Signs and symptoms of hepatitis
Infection begins with an incubation period during which the virus multiples and spreads without symptoms. The prodromal or pre-icteric phase follows, causing nonspecific symptoms such as profound anorexia, malaise, nausea and vomiting and often fever or right upper quadrant abdominal pain. Urticaria (hives) and arthralgias (pain in the joints) occasionally occur, specially in HBV infection. After 3 to 10 days, the urine darkens, followed by jaundice (the icteric phase). Systemic (whole body) symptoms often regress, and the patients feels better despite worsening jaundice. During the icteric phase, the liver is usally enlarged and tender, but the edge of the liver remains soft and smooth. Mild splenomegaly(enlargement of the spleen) occurs in 15 to 20% of patients. Jaundice usually peaks within 1 to 2 weeks and then fades during a two to four week recovery phase. Appetite usually returns after the first week. Acute viral hepatitis resolves spontaneously within 4 to 8 weeks after symptoms onset.
Sometimes anicteric(without jaundice) hepatitis, a minor flulike illness without jaundice is the only manifestation. It occurs more often that icteric(of or relating to jaundice) hepatitis in patients with HCV infection and in children with HAV infection.
Recrudescent hepatitis occurs in a few patients and is characterized by recurrent manifestations during the recovery phase. Manifestations of cholestasis(a checking or failure of bile flow) may develop during the icteric phase (called cholestatic hepatitis) but usually resolve. When they persist, they cause prolonged jaundice, elevated alkaline phosphatases, and pruritus (itch) despite general regression of inflammation.
HAV often does not cause jaundice and may not cause any symptoms. It almost invariably resolves after the acute infection, although there can be early recrudescence (increased severity after remission).
HBV cause a wide spectrum of liver diseases, from a subclinical carrier state to severe fulminant acute hepatitis, particularly in the elderly, in whom mortality can reach 10% to 15%. Five to 10% of all patients with HBV develop chronic hepatitis or become inactive carriers. Cirrhosis can develop. Hepatocellular carcinoma can ultimately develop in chronic HBV infection, even without being preceded by cirrhosis.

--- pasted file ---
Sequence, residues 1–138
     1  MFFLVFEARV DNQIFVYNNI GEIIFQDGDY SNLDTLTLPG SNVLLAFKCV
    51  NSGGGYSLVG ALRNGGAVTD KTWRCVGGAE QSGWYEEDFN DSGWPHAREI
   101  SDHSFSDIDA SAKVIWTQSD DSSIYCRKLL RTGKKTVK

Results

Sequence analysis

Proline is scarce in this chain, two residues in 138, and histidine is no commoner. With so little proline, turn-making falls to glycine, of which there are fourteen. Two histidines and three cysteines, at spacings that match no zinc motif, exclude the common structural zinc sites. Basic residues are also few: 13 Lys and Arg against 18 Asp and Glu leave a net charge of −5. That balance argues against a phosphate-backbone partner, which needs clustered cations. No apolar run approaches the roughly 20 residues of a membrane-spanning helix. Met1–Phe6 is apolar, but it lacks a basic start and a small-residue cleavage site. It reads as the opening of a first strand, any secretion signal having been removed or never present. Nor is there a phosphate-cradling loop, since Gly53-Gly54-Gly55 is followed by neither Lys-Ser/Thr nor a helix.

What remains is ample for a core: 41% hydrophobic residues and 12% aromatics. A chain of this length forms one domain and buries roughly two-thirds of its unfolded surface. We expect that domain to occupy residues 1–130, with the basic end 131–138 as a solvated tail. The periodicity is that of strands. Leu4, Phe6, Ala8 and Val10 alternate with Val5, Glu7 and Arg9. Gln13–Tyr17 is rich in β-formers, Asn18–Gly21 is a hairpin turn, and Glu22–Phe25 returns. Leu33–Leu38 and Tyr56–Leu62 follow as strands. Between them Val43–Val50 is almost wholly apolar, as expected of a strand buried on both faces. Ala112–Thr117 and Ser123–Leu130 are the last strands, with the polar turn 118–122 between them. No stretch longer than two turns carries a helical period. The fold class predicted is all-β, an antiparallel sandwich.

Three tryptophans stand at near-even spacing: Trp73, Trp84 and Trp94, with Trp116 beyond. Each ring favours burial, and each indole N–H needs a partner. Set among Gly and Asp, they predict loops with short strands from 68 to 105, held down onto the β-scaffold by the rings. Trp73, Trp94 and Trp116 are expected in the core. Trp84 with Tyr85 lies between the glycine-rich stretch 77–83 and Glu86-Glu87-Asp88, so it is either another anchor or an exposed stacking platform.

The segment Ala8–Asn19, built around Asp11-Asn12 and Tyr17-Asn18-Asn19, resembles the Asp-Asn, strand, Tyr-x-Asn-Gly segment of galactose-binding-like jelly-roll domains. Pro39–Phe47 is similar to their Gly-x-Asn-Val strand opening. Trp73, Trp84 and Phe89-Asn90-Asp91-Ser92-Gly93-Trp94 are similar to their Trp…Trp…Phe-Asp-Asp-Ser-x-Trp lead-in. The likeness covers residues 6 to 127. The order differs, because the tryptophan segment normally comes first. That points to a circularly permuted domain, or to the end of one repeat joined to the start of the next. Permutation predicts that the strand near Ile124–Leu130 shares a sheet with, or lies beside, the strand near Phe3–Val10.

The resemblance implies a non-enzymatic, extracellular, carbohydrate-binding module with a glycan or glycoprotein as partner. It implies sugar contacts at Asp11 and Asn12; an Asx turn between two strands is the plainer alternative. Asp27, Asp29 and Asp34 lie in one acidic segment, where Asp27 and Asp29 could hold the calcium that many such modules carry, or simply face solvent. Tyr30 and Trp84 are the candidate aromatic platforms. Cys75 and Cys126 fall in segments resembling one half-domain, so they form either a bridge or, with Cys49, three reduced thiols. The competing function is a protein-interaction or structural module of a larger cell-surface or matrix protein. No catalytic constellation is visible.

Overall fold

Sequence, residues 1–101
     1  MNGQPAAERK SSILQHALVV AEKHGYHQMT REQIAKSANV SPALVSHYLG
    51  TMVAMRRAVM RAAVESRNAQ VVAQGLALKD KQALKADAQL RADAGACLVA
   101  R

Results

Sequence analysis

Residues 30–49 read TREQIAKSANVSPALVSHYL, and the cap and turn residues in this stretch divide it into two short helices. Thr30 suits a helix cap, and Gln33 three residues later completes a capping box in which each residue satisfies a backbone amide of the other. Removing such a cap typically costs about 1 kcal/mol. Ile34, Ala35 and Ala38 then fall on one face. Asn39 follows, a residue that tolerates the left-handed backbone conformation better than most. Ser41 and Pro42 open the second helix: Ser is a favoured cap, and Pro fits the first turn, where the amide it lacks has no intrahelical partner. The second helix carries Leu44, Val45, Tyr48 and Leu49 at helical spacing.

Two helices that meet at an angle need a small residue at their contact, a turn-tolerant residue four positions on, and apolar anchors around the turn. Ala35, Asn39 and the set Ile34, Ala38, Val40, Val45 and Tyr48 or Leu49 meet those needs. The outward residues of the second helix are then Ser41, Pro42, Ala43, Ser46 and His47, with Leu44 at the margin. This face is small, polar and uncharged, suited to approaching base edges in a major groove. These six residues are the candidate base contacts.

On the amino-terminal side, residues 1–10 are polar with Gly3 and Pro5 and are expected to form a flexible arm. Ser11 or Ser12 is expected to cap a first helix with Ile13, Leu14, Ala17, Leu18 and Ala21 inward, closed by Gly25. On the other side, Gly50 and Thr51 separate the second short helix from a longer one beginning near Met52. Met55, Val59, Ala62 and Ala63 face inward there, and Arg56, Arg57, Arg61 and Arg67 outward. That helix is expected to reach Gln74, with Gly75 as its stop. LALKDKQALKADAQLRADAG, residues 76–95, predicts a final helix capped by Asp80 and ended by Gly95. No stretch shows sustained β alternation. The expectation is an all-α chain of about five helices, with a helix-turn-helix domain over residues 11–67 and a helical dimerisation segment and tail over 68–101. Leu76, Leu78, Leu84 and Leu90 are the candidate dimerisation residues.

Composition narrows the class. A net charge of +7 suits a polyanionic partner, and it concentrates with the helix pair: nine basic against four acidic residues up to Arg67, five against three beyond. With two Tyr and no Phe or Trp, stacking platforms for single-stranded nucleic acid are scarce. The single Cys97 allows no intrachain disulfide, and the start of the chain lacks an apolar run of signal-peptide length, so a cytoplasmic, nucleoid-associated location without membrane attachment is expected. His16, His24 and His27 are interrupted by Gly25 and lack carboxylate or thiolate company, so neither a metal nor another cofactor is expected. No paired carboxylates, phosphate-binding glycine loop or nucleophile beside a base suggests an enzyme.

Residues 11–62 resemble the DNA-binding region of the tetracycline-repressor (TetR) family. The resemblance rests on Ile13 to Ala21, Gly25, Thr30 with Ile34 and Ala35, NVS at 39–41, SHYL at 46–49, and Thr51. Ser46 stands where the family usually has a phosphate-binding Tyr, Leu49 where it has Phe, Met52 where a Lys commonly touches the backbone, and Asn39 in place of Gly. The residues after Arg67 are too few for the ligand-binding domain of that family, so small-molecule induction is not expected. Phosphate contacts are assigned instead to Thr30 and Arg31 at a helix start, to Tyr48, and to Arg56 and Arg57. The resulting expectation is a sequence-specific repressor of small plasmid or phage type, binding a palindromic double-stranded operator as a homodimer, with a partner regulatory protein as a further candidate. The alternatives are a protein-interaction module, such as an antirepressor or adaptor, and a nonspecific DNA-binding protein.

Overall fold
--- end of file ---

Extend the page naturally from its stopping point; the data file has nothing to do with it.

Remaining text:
HCV may be asymptomatic during the acute infection. Its severity often fluctuates, sometimes with recredescent (increased severity after remission) hepatitis and roller-coaster aminotransferase levels for many years or even decades. HCV has the highest rate of chronicity (about 75%). The resultant chronic hepatitis is usually asymptomatic or benign but progresses to cirrhosis in 20% to 30% of patients; cirrhosis often takes decades to appear. Hepatocellular carcinoma can results from HCV-induced cirrhosis but results only rarely from chronic infection without cirrhosis (unlike HBV infection).
Acute HDV infection typically manifests as unusually severe acute HBV infection (co-infection), an acute exacerbation in chronic HBV carriers (superinfection), or a relatively aggressive course of chronic HBV infection.
HEV may be severe, especially in pregnant women.
Justin L. Kaplan MD, Robert S. Porter MD, eds. 2011. Merck Manual Of Diagnosis and Therapy, The – 19th Ed. Whitehouse Station, NJ. Merck Sharp & Dohme Corp., A Subsidiary of Merck & Co., Inc. ISBN-10: 0-911910-19-0, ISBN-13: 978-0-911910-19-3. ISSN: 0076-6526. STAT!Ref Online Electronic Medical Library. http://online.statref.com/document.aspx?fxid=21&docid=183. 8/5/2012 7:20:26 PM CDT (UTC -05:00).